Infrastructure networks in coastal communities must anticipate and respond to the emerging threat of coastal inundation due to sea level rise, tidal forcing, wind events, and precipitation. As inundation events become both more frequent and more severe, human activities and services are disrupted, including transportation, recreation, and economic activities. In many of these communities, decision making about protective infrastructure and transportation planning is highly dispersed and variable, including local property owners; individual communities and counties; and regional, state, and federal agencies. The result is a highly multi-scale governance system in which decision-makers are influenced by local and regional interactions, while managing the multi-scale and interacting infrastructure that defines the shoreline and the transportation networks.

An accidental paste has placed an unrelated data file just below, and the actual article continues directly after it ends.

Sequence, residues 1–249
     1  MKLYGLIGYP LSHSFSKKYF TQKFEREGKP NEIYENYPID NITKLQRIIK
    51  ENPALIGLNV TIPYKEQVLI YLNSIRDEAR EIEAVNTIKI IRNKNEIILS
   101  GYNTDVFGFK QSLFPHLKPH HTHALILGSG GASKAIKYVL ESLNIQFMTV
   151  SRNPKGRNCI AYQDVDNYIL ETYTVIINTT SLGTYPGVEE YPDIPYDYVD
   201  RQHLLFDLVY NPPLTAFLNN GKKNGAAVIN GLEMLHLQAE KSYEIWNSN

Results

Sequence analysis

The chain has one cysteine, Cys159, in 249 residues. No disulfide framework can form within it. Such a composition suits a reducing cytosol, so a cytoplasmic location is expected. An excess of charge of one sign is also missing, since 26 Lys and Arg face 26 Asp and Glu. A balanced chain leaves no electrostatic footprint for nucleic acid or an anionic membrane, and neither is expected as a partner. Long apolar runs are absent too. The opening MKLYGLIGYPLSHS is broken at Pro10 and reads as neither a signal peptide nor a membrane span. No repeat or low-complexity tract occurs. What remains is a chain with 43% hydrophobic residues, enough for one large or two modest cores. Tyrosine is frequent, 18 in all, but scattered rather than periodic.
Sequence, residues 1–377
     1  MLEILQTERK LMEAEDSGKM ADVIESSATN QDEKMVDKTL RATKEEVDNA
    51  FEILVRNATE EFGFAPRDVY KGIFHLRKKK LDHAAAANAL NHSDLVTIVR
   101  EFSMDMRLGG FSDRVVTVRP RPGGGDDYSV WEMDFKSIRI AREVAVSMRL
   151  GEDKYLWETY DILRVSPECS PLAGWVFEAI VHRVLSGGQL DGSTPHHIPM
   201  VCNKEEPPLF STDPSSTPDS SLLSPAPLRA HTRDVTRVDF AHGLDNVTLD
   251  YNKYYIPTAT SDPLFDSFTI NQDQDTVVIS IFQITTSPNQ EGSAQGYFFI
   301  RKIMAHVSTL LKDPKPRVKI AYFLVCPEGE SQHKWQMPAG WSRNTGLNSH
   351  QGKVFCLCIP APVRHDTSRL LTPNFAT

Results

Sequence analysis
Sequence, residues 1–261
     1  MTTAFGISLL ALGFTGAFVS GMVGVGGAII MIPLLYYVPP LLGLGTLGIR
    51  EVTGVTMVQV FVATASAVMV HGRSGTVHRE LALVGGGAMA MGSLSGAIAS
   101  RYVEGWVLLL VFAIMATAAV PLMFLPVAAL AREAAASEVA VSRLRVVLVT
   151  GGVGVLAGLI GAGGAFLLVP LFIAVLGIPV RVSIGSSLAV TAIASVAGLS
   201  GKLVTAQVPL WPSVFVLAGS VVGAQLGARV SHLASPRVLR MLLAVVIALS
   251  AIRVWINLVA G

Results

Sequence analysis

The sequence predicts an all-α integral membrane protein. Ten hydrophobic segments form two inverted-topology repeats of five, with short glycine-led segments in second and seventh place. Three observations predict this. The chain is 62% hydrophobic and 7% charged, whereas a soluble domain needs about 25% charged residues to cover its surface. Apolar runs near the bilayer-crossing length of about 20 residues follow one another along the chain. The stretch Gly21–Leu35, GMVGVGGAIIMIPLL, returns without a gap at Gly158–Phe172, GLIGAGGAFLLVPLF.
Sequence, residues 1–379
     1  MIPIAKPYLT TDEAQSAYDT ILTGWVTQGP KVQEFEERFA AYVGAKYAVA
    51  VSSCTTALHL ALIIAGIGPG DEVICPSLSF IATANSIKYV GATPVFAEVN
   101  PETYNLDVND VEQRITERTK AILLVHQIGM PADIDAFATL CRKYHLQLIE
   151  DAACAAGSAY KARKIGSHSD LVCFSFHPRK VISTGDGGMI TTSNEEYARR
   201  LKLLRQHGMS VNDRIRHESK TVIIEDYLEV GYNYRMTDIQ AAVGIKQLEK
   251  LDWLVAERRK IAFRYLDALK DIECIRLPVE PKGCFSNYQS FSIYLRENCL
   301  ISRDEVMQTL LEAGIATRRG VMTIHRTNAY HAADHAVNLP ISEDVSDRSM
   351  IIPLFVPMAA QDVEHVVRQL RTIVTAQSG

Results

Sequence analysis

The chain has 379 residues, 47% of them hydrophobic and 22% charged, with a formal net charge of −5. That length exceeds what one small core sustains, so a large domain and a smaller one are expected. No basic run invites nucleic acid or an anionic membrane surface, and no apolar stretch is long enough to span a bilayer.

This research project focuses on how the interaction of environmental forcing with the shoreline infrastructure disrupts the transportation network, and how both of these networks influence the governance network that makes planning decisions about the infrastructure. In the context of coastal flooding, this work will provide insights into how governance institutions and networks are prepared, or can be better prepared, to make effective decisions about infrastructure planning and operation.